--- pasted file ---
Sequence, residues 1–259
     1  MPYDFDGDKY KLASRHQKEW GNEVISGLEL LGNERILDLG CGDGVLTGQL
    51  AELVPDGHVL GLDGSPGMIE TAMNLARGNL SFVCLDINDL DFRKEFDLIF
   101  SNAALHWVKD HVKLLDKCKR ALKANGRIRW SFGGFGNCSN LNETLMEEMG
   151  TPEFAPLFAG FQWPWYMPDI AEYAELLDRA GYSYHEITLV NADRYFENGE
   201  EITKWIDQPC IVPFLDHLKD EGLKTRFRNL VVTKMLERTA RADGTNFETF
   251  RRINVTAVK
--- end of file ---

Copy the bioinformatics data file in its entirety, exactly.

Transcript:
Sequence, residues 1–259
     1  MPYDFDGDKY KLASRHQKEW GNEVISGLEL LGNERILDLG CGDGVLTGQL
    51  AELVPDGHVL GLDGSPGMIE TAMNLARGNL SFVCLDINDL DFRKEFDLIF
   101  SNAALHWVKD HVKLLDKCKR ALKANGRIRW SFGGFGNCSN LNETLMEEMG
   151  TPEFAPLFAG FQWPWYMPDI AEYAELLDRA GYSYHEITLV NADRYFENGE
   201  EITKWIDQPC IVPFLDHLKD EGLKTRFRNL VVTKMLERTA RADGTNFETF
   251  RRINVTAVK